Arrangement 118 also includes a conventional photoelectric detector arrangement including a conventional source 230 and a detector 232 which are respectively located within housing 220 on opposite sides of slot 222. This arrangement which includes conventional circuitry associated therewith (not shown) is provided for detecting bubbles or any other change in the index of refraction of the IV fluid as it passes through previously recited portion 100 of tubular arrangement 14. In this regard, as will be seen hereinafter, when the overall pump assembly is in operation, portion 100 of the tubular arrangement is automatically positioned within the slot 222.
Having described arrangements 114, 116 and 118 of pump 102, attention is now directed to the way these various arrangements of the pump cooperate with one another and with previously described disposable cassette 10 during the operation of the overall pump assembly. Let it be assumed that the assembly is initially inoperative and that the cassette support 128 is positioned in its lower inoperative position illustrated in FIGS. 10 and 11. With the cassette support in this position, the disposable cassette is placed on top of surface 132 so that its previously described guide flanges 91 (see FIG. 6) sit within cooperating grooves in rails 138, as best seen in FIG. 9. This insures that the cassette is properly positioned. In fact, unless the guide flanges are properly located, the cassette will not move up the track and hence will prevent the cassette support from moving. Once the cassette is properly positioned, the switch handle 148 is rotated 90°, as described previously, for moving the cassette support to its second position. As stated, the switch is locked in place by the interaction between cam member 152 and the top edge of section 124 of flange 120.
Turning to FIGS. 12 and 13, the cassette support and cassette is shown in this upward, operative position. Note first with respect to FIG. 12, that this causes one of the shaftless rollers 212 to completely pinch closed the intermediate portion of tubular section 18 of tubular arrangement 14 when the shaftless roller is in its lowermost position illustrated in FIG. 9. This relative positioning between the tubular section and shaftless roller, actually all these shaftless rollers as they move around axis 214, is accurately and reliably provided because of the accurately provided relative positioning between the cassette support surface 132 and the pump head. Also note that as the cassette moves to this upward operative position, portion 100 of tubular section 28 is automatically positioned within previously described slot 272 of arrangement 118 directly in line with the photoelectric detecting arrangement. With the various components described above in the various relative positions described above, the start/stop button is activated to energize motor 217 for rotating pump head 200 in the clockwise direction as viewed in FIG. 9. This causes the individual rollers to peristaltically engage tubular section 19 of the tubular arrangement for moving IV fluid through the tubular arrangement. At the same time, this fluid is continuously monitored by the photoelectric cell arrangement.
The overall peristaltic pump assembly 104 has just described without regard to the various electrical components which are necessary to its operation. For purposes of the present invention, it is to be understood that these electrical components and in fact all of the electrical circuitry which is necessary for operating the assembly may be conventional. For example, the circuit connecting the start/stop button with motor 120 may include a suitable limit switch cooperating with previously described arrangement 114 for preventing the energization of the motor until the cassette support and cassette are in their operative positions. Moreover, since the rate at which the IV fluid is to be fed through the tubular arrangement is dependent upon the speed at which the pump head is driven, suitable circuitry may be provided between the motor and rate selector 112 to vary the speed of the motor in a calibrated fashion and rate selector 112 to vary the speed of the motor in a calibrated fashion dependent upon the rate which has been set at the rate selector. Moreover, suitable circuitry may be connected between the motor and selector 210 for automatically deenergizing the motor when the selected amount of fluid has been reached. Further, suitable circuitry including the other indicators may be readily provided. A running tabulation of exactly how much fluid has been delivered at any given time during the operation may also be provided conventionally as indicated by arrangement 113. In addition, the overall assembly may include conventional means for determining whether occlusion is taking place within the line and a suitable indicator light may be provided. In this regard, one conventional way to sense occlusion is to sense a back pressure within the tubular arrangement.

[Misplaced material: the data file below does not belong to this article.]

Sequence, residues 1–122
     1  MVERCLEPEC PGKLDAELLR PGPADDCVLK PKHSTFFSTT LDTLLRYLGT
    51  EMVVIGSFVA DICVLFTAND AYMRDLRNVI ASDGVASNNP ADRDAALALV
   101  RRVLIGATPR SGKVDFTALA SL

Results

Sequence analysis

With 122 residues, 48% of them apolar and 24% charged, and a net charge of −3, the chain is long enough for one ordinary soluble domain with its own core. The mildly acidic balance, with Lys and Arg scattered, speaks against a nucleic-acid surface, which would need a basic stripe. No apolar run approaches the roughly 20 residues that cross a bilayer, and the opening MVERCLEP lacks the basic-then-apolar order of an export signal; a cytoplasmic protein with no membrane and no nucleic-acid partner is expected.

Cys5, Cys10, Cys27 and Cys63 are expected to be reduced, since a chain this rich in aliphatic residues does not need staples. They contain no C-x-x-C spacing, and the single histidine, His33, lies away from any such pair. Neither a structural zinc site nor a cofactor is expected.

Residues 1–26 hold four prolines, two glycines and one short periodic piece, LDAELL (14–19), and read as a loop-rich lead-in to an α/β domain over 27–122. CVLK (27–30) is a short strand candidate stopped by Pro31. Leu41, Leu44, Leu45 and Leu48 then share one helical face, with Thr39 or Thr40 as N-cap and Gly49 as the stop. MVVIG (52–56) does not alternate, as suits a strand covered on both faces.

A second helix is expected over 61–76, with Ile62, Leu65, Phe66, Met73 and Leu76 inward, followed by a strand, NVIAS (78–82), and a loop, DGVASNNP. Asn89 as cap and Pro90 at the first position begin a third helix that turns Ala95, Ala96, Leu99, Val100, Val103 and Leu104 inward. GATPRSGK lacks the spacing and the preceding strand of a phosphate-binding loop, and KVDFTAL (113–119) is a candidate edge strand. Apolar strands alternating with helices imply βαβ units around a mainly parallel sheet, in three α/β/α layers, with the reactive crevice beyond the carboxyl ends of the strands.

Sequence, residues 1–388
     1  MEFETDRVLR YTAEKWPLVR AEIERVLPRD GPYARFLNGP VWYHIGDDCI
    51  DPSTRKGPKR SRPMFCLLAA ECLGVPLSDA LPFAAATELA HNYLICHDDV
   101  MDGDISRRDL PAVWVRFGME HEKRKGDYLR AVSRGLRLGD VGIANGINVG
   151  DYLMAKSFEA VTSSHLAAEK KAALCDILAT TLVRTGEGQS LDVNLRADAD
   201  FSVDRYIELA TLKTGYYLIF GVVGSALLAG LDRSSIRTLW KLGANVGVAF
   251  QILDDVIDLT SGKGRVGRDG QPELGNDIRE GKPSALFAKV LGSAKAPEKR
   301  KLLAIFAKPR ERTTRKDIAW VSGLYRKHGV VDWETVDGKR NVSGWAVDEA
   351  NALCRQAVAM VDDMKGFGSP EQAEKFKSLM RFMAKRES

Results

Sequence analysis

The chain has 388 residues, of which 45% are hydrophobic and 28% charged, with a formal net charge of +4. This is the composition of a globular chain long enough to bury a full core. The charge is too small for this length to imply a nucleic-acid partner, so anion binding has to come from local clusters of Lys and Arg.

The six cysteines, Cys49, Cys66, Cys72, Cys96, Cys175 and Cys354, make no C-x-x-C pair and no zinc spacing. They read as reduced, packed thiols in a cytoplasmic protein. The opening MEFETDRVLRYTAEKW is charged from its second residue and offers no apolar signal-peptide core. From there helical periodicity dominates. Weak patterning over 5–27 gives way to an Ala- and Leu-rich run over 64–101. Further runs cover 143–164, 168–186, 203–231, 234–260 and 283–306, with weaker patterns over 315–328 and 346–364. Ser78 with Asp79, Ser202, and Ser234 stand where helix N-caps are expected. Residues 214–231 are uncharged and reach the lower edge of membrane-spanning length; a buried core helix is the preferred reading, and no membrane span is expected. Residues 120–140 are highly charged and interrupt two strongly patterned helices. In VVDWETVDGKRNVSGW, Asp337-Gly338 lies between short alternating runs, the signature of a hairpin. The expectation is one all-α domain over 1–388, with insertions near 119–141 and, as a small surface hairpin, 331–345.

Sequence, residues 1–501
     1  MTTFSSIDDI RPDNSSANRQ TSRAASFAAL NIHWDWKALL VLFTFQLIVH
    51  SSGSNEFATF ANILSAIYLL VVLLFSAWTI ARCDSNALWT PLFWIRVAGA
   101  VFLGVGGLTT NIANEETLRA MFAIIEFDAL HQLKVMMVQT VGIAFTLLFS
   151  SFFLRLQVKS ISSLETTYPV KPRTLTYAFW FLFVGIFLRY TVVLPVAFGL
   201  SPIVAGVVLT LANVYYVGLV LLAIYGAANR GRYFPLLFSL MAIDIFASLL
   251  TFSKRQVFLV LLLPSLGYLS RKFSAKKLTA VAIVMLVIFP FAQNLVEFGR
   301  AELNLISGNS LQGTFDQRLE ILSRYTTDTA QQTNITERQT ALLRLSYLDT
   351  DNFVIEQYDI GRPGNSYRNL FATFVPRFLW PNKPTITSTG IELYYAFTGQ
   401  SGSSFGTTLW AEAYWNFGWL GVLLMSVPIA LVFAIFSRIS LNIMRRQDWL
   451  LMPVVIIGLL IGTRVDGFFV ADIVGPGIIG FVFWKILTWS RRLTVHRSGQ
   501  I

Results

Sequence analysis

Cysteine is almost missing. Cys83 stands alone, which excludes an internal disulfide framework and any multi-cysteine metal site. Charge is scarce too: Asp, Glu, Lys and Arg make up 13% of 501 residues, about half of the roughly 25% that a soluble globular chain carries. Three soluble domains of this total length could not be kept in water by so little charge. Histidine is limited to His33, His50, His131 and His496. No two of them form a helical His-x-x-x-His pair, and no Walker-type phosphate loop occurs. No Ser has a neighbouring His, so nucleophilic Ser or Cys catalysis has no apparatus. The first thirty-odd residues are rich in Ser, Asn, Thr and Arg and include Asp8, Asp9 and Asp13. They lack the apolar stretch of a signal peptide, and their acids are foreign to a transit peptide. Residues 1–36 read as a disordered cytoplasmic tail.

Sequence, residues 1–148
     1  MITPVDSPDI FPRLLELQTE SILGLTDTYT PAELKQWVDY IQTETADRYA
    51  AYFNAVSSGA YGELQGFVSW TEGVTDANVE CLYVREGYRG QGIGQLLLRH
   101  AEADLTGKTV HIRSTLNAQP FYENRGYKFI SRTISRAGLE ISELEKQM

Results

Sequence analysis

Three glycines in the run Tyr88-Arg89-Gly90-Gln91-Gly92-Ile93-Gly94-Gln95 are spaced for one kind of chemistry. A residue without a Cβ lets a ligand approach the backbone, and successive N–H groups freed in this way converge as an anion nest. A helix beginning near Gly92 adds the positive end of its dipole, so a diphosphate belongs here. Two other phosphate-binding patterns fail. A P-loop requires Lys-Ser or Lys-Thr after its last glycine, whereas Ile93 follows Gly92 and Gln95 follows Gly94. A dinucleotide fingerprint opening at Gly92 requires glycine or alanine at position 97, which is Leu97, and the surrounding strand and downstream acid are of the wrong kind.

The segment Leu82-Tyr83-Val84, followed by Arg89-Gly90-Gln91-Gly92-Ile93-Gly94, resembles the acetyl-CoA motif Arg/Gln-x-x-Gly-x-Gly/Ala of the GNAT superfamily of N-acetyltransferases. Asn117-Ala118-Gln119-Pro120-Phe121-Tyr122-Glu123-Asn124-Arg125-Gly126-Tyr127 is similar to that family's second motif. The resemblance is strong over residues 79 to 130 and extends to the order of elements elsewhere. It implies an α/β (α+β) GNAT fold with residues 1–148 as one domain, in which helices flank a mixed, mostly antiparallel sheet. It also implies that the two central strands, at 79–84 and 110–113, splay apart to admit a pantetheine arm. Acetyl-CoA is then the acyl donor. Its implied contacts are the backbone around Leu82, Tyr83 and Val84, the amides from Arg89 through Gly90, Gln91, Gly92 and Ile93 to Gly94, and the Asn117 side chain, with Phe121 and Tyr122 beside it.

As just stated, the various circuitry for operating overall assembly 104 may be conventional. However, some of this circuitry and some of the operating features may be provided in an unconventional way. For example, in copending U.S. application (Brown), Ser. No. 874,212, assigned to the assignee of the present application peristaltic infusion pump discloses a particular way in which motor 120 is energized and deenergized in a stepping type fashion. This application discloses a particular method of sensing occlusion. It also discloses a particular type of circuit arrangement for the detector associated with arrangement 118. For a description of these unconventional aspects, reference is made to the copending application. In this regard, it is however to be understood that while the various unconventional aspects disclosed in the copending application may be readily incorporated into the assembly disclosed herein, the assembly can function with all conventional circuitry and associated components as stated above.
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|US-Klassifikation||417/63, 417/477.2, 604/153, 417/477.11|
|Internationale Klassifikation||F04B43/12, A61M1/00, A61M5/142, A61M1/10|
|Unternehmensklassifikation||F04B43/1253, A61M2205/12, F04B43/1292, A61M5/14232|
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Owner name: STERLING MEDICAL DEVICES, INC. 1616 WEST SHAW AVEN
Free format text: ASSIGNMENT OF ASSIGNORS INTEREST.;ASSIGNORS:STEWART-RIESS LABORATORIES, INC.;XANTHOPOULOS, PIRITHEOS;REEL/FRAME:004327/0565;SIGNING DATES FROM